Should you get the flu shot if you are living with arthritis?
Fall brings pumpkin spice lattes, frosty mornings and plenty of reminders to get your flu shot to help lower your risk of getting seasonal influenza. If you are living with arthritis, particularly inflammatory forms like rheumatoid arthritis (RA), you may wonder if getting a flu shot is right for you. Talk to your health care provider, of course, but in general, a flu shot is a smart move. “The flu shot will not give you the flu, and it will not trigger a flare,” says Dr Jeff Kwong, a Toronto family physician, scientist with Public Health Ontario and associate director of the Centre for Vaccine Preventable Diseases at the University of Toronto. Here’s what you need to know.
1. The risks of rheumatoid arthritis
Because people living with RA can have a compromised immune system, they can have a higher chance of getting the flu and an increased risk of complications. A study that looked at more than 46,000 patients with RA and a matching number of people without RA found that RA patients were more likely to come down with the flu and had a 2.75 times higher chance of complications like pneumonia and stroke. On the other hand, a separate study found that RA patients who received the flu vaccine had a lower risk of hospitalization due to complications from flu and a lower risk of death.
2. The role of medications
It’s true that some arthritis medications (such as methotrexate and biologics) make the flu vaccine somewhat less effective, compared to the general population. Still, it’s important not to write off the shot—it does still provide some protection, says Dr. Kwong. Researchers are also looking at ways to make the flu shot more effective for RA patients. For example, some studies have found that a short, medically supervised “drug holiday,” where patients stopped taking methotrexate for two weeks after their flu vaccine, made the vaccine more effective and did not result in an increase in RA symptoms. (This research is ongoing and this is not yet a recommended guideline.)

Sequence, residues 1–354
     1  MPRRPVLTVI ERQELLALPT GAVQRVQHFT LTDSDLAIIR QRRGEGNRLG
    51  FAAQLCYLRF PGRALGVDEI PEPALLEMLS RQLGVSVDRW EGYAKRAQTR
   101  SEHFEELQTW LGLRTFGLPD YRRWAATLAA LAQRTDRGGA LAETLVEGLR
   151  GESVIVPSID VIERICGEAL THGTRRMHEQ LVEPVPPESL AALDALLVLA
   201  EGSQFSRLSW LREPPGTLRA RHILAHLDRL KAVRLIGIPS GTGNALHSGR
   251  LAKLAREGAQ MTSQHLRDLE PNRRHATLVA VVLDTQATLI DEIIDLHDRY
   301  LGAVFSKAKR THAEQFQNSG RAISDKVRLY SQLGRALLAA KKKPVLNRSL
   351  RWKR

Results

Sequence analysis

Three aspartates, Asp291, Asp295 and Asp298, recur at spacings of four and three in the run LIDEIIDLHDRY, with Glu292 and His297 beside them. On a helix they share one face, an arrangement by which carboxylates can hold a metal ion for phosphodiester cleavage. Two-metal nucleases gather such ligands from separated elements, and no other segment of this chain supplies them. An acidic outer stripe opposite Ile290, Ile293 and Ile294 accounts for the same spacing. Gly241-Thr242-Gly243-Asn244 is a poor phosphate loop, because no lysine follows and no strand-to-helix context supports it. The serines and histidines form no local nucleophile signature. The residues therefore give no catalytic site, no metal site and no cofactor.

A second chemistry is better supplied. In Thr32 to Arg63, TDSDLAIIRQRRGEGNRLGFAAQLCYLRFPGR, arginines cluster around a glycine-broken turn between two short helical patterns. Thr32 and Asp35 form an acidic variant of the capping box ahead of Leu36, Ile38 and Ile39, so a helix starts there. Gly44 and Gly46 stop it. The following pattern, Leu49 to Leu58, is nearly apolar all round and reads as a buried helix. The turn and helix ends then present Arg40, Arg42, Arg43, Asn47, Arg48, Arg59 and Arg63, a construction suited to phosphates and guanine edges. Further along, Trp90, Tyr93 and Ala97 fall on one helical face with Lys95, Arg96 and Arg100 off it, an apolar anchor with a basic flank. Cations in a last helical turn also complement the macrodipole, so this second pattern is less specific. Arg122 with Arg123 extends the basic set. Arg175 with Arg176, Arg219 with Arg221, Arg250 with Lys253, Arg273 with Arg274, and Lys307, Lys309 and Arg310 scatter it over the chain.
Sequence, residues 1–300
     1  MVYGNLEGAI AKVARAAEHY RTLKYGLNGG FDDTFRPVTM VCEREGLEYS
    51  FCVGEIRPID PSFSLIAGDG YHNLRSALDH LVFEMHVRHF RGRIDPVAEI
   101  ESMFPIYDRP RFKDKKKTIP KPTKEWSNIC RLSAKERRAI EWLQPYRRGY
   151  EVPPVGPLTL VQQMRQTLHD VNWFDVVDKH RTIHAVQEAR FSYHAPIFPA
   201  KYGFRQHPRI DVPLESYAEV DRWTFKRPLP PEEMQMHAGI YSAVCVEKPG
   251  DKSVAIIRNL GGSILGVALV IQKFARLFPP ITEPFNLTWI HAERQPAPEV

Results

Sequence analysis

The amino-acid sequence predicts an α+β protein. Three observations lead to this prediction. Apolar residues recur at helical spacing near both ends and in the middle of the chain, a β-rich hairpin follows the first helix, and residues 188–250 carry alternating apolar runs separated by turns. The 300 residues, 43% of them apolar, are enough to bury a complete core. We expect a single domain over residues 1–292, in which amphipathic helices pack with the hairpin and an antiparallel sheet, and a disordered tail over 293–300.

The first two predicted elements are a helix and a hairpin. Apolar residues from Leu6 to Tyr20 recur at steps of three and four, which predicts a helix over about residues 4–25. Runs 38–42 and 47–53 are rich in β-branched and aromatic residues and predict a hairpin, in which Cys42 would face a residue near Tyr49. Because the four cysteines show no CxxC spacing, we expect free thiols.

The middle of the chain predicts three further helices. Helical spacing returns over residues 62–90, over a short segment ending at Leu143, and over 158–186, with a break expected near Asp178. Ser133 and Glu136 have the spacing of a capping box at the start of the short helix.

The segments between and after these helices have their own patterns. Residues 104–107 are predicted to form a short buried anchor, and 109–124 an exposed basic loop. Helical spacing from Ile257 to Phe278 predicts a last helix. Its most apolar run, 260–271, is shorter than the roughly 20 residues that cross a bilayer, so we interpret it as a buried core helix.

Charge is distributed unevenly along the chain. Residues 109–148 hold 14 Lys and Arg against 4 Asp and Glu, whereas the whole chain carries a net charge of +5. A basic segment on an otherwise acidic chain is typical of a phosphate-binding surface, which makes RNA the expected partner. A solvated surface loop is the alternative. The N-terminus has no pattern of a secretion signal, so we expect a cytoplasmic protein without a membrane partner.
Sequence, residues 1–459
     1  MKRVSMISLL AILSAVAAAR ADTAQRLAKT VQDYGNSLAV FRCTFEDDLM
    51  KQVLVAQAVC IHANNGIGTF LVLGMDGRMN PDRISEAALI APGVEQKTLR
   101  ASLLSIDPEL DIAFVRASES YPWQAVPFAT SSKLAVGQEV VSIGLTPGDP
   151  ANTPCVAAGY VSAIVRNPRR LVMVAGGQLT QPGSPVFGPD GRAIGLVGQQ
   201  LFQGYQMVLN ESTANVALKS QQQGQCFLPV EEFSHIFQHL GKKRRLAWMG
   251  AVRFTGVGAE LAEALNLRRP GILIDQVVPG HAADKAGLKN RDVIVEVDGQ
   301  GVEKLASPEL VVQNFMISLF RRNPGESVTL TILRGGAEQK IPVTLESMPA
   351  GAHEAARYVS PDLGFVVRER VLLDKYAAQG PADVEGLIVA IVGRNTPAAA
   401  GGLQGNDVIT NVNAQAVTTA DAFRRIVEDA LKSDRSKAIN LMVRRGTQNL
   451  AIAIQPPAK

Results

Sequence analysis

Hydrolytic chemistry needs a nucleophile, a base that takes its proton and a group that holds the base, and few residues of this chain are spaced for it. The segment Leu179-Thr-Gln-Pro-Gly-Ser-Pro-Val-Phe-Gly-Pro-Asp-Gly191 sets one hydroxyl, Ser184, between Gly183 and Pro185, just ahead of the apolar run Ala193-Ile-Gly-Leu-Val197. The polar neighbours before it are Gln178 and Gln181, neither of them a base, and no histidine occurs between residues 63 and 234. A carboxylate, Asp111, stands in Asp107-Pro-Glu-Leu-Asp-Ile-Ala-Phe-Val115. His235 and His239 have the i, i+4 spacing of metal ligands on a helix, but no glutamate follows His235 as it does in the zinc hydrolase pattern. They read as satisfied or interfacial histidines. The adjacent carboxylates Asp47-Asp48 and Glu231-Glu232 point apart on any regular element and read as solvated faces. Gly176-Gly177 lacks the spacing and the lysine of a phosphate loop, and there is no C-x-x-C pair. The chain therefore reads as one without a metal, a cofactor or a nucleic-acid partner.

3. The right dose at the right time
“We used to say get the influenza vaccine as early as possible. Now there are more and more studies suggesting that the immunity from the vaccine may not last an entire flu season if you get it too early,” says Dr Kwong. “Probably the best timing is early November: early enough that it’s before influenza starts percolating, but late enough it will last you until the end of the flu season.” He adds that if it’s December and you still haven’t got the shot, there is still benefit to getting it. Talk to your health care provider about the timing that’s right for you.
People with compromised immune systems should not get the nasal spray form of the vaccine, because there is a theoretical risk of the live vaccine causing complications (in Canada, the nasal spray vaccine is only publicly funded for children, and is not available in some years, including 2019/20). The injection form of the vaccine has an inactivated, or dead, form of the virus, not a live virus. There are two versions of the injection: a standard dose and a high dose, and the standard dose is usually what is publicly funded across Canada (depending on which province or territory you live in, the high dose may be free for people over 65, or people living in long-term care).
The high dose vaccine is an area of interest for a group of Montreal researchers led by Dr. Inès Colmegna, assistant professor in the Department of Medicine at McGill University’s Faculty of Medicine and a scientist in the Infectious Diseases and Immunity in Global Health Program at the Research Institute of the McGill University Health Centre. During the 2016/17 and 2017/18 flu season, they found that patients with RA who had received the high dose version of the flu vaccine had a significantly improved immune response compared to the RA patients who had the standard dose. In other words, their bodies generated more protective antibodies and they were better protected from the flu.
4. Wash your hands!
In addition to the flu shot, you can help guard against the flu by washing your hands often, coughing and sneezing into your shoulder or crook of your arm rather than your hands, not touching your face, and disinfecting commonly-touched items like phones, door knobs and TV remotes.
Dr. Inès Colmegna’s research into high dose flu vaccines was supported by an Arthritis Society Strategic Operating Grant (2016-19).